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Anna Belle1 Allison Yorita1 Anna Ivanovskaya1 Jeanine Pebbles1 Vanessa Tolosa1

1, Lawrence Livermore National Laboratory, Livermore, California, United States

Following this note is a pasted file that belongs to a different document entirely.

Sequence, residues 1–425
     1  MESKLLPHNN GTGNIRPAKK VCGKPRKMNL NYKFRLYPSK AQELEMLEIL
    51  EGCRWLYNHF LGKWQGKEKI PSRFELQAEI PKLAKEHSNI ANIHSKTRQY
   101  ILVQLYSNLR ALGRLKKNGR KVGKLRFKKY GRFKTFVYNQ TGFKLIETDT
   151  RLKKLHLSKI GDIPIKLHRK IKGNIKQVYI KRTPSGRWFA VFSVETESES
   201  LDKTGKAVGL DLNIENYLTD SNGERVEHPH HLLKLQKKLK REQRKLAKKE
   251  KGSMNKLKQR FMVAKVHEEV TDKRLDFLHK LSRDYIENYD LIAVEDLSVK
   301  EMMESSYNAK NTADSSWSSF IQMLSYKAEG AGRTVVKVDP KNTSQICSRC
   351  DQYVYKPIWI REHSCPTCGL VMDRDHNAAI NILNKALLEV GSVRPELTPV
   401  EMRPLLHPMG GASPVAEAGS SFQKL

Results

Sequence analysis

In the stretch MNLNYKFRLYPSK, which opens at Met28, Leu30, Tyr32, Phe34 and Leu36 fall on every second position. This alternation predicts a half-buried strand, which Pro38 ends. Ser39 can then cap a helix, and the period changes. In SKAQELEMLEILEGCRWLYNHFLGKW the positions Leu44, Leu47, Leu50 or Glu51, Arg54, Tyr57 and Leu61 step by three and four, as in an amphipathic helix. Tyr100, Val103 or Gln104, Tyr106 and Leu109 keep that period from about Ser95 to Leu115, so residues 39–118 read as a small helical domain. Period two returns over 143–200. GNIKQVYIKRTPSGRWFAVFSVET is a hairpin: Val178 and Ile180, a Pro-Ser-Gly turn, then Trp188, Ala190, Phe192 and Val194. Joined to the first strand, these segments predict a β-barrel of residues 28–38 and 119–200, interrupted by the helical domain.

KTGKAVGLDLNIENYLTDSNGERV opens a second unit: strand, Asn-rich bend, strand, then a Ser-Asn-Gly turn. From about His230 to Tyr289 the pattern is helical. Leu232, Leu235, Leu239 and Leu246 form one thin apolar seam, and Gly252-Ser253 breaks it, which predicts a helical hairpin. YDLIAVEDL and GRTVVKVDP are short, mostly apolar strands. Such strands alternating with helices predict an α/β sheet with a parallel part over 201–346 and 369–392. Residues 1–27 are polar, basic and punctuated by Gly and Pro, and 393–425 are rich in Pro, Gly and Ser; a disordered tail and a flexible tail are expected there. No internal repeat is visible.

To understand and diagnose neurological disorders, it is important not only to detect levels of a single chemical in the brain but to simultaneously examine the changing ratios of chemical and electrical signals in the brain. In pursuit of a device that can achieve this goal, we have developed a flexible MEA that allows for monitoring of long-term local tissue responses in an awake, freely moving animal. While the device itself can now survive for many months in the body, the enzymatic glutamate sensors integrated into these arrays are not yet robust enough to detect in vivo glutamate changes beyond a week. Here we demonstrate improved lifetimes for glutamate sensors thanks a combination of surface modifications that improve the sensitivity and robustness of these sensors. We’ve developed a unique procedure allows us to nondestructively roughen thin film platinum microelectrodes to improve adhesion of coatings like platinum iridium or iridium oxide to the electrode surface and increase sensitivity of chemical sensors 3-fold. This extreme roughening of a thin film without corrosion is possible via the use of a non-adsorbing electrolyte for the electrochemical roughening to prevents preferential grain boundary dissolution seen with adsorbing electrolytes. In addition, lifetime of these sensors has been improved thanks to modifications to enzyme immobilization and attachment to the array. The enzyme is now matrixed with special nanoScyl capsule that protects enzyme from breakdown or dissolution. Thanks to these modifications, our chemical sensors are moving towards a longer functional lifetime in vivo compatible with the longer lifetime of the arrays themselves.

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